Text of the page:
Movie review: ‘Eighth Grade’ will send you on a wistful trip down memory lane
Oh, the irony! Here’s this great little film that insightfully melds together the humor and sadness and confusion of being a 13-year-old girl in 21st century America, but because it’s rated R, 13-year-old girls (and boys) can only see it if accompanied by a parent or guardian. But 13-year-old girls (and boys) will not want to see this with a parent or guardian, nor would those older folks want to see it with the younger ones, as much uncomfortable embarrassment could ensue.
This is a movie for adults. Watching it, they can feel for and sympathize with the protagonist Kayla, and some will no doubt identify with her. Those early teenage years are not very easy. But it’s also a movie for those viewers who are saddled with the R rating (for language and sexual material, none of which they don’t already know about). My advice for that second group: Sneak in!
Kayla, winningly played by Elsie Fisher (best known for voicing Agnes in the “Despicable Me” films) is introduced here making the most recent in an ongoing line of advice videos that she posts on her YouTube channel. The first one shown, addressing the subject of “being yourself,” has her facing the camera and stumbling through her off-the-cuff thoughts, peppering them with the overused word “like.” Other subjects include: “putting yourself out there” and “how to be confident,” all seemingly geared toward helping other kids – though it’s highly doubtful that anyone is watching – but in reality, existing as an excuse for Kayla to give advice to herself.
The film is set during the last week of middle school, with the adventure of high school right around the corner. But is Kayla ready? She’s not exactly a popular kid. She has acne and crooked teeth, is a tad overweight, and there’s no circle of friends for her. She’s chosen “most quiet” student in her class, probably due to her constant frowning and inability to join in on anything but the school band where, wouldn’t you know it, she’s been assigned to noisily play the cymbals. She wants a best friend. Hell, she wants ANY friend.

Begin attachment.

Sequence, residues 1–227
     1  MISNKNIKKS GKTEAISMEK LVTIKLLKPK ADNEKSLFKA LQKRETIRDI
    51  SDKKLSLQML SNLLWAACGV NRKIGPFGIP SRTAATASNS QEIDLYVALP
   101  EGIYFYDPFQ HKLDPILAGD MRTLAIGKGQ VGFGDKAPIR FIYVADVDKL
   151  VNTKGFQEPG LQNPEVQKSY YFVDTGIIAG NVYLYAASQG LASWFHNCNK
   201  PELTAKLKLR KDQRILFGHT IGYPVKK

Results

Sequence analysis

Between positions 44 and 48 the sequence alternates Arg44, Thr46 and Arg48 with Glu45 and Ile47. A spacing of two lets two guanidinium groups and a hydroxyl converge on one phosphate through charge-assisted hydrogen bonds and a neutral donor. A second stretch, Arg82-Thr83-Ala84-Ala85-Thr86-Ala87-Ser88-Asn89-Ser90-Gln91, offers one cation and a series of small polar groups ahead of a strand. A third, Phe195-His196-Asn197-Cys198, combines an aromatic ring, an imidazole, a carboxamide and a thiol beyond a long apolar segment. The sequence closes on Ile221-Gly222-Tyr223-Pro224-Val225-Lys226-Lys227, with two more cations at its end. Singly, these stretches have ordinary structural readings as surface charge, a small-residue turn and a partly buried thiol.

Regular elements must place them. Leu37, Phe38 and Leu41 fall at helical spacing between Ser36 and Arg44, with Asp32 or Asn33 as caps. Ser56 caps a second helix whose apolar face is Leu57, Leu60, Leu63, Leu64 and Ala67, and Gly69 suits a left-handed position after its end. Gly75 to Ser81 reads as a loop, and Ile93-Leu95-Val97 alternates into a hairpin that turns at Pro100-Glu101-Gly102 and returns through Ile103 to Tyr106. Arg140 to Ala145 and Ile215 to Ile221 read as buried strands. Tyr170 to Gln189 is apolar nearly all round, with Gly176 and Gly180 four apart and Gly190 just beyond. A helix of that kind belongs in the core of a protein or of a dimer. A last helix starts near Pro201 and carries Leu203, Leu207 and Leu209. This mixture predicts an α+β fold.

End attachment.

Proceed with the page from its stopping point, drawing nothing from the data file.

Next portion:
But the only person who wants to talk with her is her dad, Mark (Josh Hamilton), a sad, lonely, geeky fellow who also happens to be a nice man and a great single dad, but has no idea how to communicate with Kayla, who would rather turn up her iPod at dinner than chat with him.
Before long, viewers will have trouble deciding which of them to feel sorrier for. But, oddly, this is not a downbeat film. These two protagonists are constantly trying to improve themselves and their situations. Dad keeps coming up with new approaches to make a connection with Kayla, and Kayla attempts to listen to her own advice by “putting herself out there,” which culminates during one attempt, in a bout of hyperventilation. But hold on. She has her eyes on the big blue eyes of another kid in her class, the hunky Aiden (Luke Prael). But when she bumps into him, she dummies up. When she finally gets to talking with him, seven though she doesn’t exactly like what she hears (the guy is a little creep), she presses on.
In the middle of it all, with dad being confused by Kayla, and Kayla being confused by life, there is some light at the end of the tunnel. The high school shadow program is approaching, in which graduating middle schoolers are paired up with high schoolers so they can get a glimpse of what awaits next year. Kayla gets lucky when she teams with friendly, bubbly Olivia (Emily Robinson).
That goes well, and while on the surface, it seems that not many other things do, there’s a subtle but clear-cut and positive character arc that she travels, some of it coming from her videos, which at least give her a feeling of accomplishment, and some of it from her well-meaning dad, who delivers a wonderful and warm monolog to her near the end that lets everyone know that everything is going to be OK.
— Ed Symkus writes about movies for More Content Now. He can be reached at email@example.com.
Written and directed by Bo Burnham
With Elsie Fisher and Josh Hamilton
By Ed Symkus